Five brothers from New Bedford, Massachusetts joined together to create one of the most memorable soul groups of the 70s and 80s. Many of their instantly recognizable international hits, such as “Heaven Must Be Missing An Angel” and “More Than A Woman”have become classics.

The brothers – Ralph, Tiny, Chubby, Butch and Pooch Tavares – originally called themselves “Chubby and the Turnpikes”. Working the clubs in their native New England beginning in the late 60s, the brothers honed their harmonies, alternating lead vocals, when Capitol Records’ then-new black music division signed them. Their debut album, Check It Out, was issued in early 1974. The title track slow jam single went to No. 5 R&B on Billboard’s charts in summer 1973. The next single, the ballad “That’s the Sound That Lonely Makes”, hit number ten R&B in early 1974.

Capitol teamed the group next with Dennis Lambert and Brian Potter, hot producers and writers who worked with the Four Tops, among others. This led to two successful Tavares LPs, Hard Core Poetry and In The City. A cover of Hall & Oates’ “She’s Gone” gave the group their first No. 1 on the R&B charts, and “It Only Takes A Minute” was their first top 10 pop hit.

“Heaven Must Be Missing An Angel” and “Don’t Take Away the Music” were huge hits from their next release, Sky High, (produced by Motown veteran writer and producer Freddie Perren). Perren moved the group to a hotter beat and heavy sound just as the disco boom was about to explode. The group teamed with Perren again for their Love Storm and Future Bound LPs in 1977 and 1978. The Bee Gees wrote “More Than A Woman” for Tavares for the Saturday Night Fever soundtrack, giving the group its greatest exposure ever, as well as a Grammy award.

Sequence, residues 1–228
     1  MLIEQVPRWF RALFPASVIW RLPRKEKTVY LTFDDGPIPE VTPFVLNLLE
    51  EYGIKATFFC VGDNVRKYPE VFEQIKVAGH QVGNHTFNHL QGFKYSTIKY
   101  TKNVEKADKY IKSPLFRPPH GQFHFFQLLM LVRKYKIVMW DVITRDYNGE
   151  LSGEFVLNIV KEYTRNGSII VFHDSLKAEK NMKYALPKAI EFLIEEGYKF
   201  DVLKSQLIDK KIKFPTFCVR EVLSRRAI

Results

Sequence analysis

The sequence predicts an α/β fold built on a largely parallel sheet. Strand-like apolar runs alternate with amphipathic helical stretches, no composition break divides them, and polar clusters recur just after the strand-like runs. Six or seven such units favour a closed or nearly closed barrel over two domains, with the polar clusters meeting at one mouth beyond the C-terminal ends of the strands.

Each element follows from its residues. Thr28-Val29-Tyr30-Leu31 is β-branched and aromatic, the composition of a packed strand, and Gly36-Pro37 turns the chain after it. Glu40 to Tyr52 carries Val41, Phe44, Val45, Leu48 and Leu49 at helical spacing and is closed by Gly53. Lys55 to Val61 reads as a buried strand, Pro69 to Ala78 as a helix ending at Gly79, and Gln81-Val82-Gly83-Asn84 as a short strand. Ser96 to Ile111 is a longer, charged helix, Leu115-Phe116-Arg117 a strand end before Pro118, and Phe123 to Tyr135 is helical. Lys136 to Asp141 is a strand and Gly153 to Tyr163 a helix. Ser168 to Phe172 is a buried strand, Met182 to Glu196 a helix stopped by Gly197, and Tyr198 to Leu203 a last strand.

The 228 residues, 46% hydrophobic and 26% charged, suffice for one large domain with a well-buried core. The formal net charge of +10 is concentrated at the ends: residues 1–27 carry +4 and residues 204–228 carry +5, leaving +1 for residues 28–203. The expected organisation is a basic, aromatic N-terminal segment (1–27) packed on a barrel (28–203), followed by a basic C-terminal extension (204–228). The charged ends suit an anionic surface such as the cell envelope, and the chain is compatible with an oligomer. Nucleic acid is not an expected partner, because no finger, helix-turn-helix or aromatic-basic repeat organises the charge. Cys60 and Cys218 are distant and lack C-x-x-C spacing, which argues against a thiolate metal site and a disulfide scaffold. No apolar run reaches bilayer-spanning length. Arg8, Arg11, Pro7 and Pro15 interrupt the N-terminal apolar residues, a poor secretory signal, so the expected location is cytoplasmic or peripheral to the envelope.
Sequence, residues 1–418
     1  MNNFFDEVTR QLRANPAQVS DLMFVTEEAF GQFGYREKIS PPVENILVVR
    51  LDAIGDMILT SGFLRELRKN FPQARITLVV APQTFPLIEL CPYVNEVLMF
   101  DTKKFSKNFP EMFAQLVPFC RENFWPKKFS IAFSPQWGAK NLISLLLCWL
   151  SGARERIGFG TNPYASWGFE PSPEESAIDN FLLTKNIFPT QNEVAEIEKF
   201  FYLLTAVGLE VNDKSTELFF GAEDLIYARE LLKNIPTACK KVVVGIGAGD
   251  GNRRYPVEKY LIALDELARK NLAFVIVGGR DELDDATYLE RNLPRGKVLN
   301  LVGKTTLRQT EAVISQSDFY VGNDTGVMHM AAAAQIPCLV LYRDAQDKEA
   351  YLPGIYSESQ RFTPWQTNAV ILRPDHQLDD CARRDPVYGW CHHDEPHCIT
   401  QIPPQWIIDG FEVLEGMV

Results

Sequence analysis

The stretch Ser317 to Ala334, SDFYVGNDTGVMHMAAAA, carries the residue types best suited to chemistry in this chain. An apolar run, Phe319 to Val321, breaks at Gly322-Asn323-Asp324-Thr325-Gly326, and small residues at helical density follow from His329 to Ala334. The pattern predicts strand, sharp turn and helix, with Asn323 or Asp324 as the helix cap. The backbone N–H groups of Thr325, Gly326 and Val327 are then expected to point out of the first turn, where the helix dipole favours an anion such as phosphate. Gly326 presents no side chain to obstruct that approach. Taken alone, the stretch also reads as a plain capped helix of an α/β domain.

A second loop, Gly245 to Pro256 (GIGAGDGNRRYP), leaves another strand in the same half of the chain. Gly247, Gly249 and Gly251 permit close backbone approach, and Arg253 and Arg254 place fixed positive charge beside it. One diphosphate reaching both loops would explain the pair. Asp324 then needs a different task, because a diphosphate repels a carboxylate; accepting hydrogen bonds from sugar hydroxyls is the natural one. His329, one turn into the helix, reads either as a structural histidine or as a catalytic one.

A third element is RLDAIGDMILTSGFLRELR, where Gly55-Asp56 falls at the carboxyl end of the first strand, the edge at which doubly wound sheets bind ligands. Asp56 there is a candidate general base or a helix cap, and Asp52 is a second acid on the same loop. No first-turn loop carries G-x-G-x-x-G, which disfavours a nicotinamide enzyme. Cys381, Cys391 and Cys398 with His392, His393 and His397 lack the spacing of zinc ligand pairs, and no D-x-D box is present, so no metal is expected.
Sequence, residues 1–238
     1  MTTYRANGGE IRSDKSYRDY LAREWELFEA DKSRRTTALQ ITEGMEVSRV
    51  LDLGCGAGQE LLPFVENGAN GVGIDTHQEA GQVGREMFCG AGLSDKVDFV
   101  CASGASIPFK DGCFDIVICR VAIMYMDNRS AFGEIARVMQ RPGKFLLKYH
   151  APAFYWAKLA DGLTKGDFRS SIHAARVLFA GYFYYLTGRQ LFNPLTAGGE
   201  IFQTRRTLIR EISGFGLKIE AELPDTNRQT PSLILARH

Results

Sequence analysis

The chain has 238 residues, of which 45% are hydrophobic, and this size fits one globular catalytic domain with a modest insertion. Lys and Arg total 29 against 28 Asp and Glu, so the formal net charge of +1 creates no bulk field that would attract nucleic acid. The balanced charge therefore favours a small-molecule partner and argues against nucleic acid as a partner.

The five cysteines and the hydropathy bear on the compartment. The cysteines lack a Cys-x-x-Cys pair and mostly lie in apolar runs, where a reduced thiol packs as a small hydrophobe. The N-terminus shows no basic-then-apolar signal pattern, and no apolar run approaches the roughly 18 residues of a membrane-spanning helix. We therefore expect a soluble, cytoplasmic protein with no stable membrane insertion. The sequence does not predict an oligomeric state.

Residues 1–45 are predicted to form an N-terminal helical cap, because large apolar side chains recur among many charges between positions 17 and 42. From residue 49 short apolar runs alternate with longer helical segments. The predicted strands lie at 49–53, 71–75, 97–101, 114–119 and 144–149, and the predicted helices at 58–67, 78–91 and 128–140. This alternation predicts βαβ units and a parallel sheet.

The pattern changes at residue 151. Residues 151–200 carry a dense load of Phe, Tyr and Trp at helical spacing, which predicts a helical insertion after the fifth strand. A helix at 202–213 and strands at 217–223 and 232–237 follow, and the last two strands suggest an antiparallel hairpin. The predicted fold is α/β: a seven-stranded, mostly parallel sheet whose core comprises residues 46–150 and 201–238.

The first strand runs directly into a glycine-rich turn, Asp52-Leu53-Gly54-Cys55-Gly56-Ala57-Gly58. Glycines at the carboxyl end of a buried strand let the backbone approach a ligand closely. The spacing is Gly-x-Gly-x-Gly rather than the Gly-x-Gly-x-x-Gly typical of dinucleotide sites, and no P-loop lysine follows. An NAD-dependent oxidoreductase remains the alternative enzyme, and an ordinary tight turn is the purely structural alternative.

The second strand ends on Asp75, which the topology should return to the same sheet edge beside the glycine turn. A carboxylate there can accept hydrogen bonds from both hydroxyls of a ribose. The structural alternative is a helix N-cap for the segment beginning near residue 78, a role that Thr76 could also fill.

In 1979, the brothers released the ballad-drenched Madam Butterfly LP. Produced by Philly veteran Bobby Martin, this disc highlighted the group’s Soul foundation, especially on the hit “Never Had A Love Like This Before” and three Sam Dees’ ballads (including the incredible “Let Me Heal The Bruises”). Tavares then teamed with pop producers Bobby Colomby and David Foster for Supercharged, a solid but underappreciated disc that spawned a minor hit with “Bad Times”.

As musical tastes evolved in the 1980s, Capitol Records began to lessen its promotional focus on Tavares, which found the Tavares brothers next two releases (Love Uprising and Loveline) failing to chart. The brothers went in search of a new label, and in 1982 found a temporary home in RCA’s young black music division. They released two albums for RCA, New Directions and Words and Music, which featured the Grammy-nominated “Penny For Your Thoughts” and their final R&B hit, “Deeper In Love”, but the albums were overall an artistic step down from the group’s highest moments.

Ralph resigned from the group in 1983 to spend more time with his wife and their two children. He become a court officer in New Bedford, a position he still holds today. The remaining four brothers continued to tour internationally and continued to record throughout the years. A number of Tavares compilation albums have been released in recent years, including A Lifetime With Tavares. Brother Tiny also later left the group to go solo.

Chubby, Butch and Pooch continue to tour as Tavares, also appearing on occasional television specials. They still enjoy seeing their many loyal fans around the world and making new fans wherever they appear singing their timeless hits.


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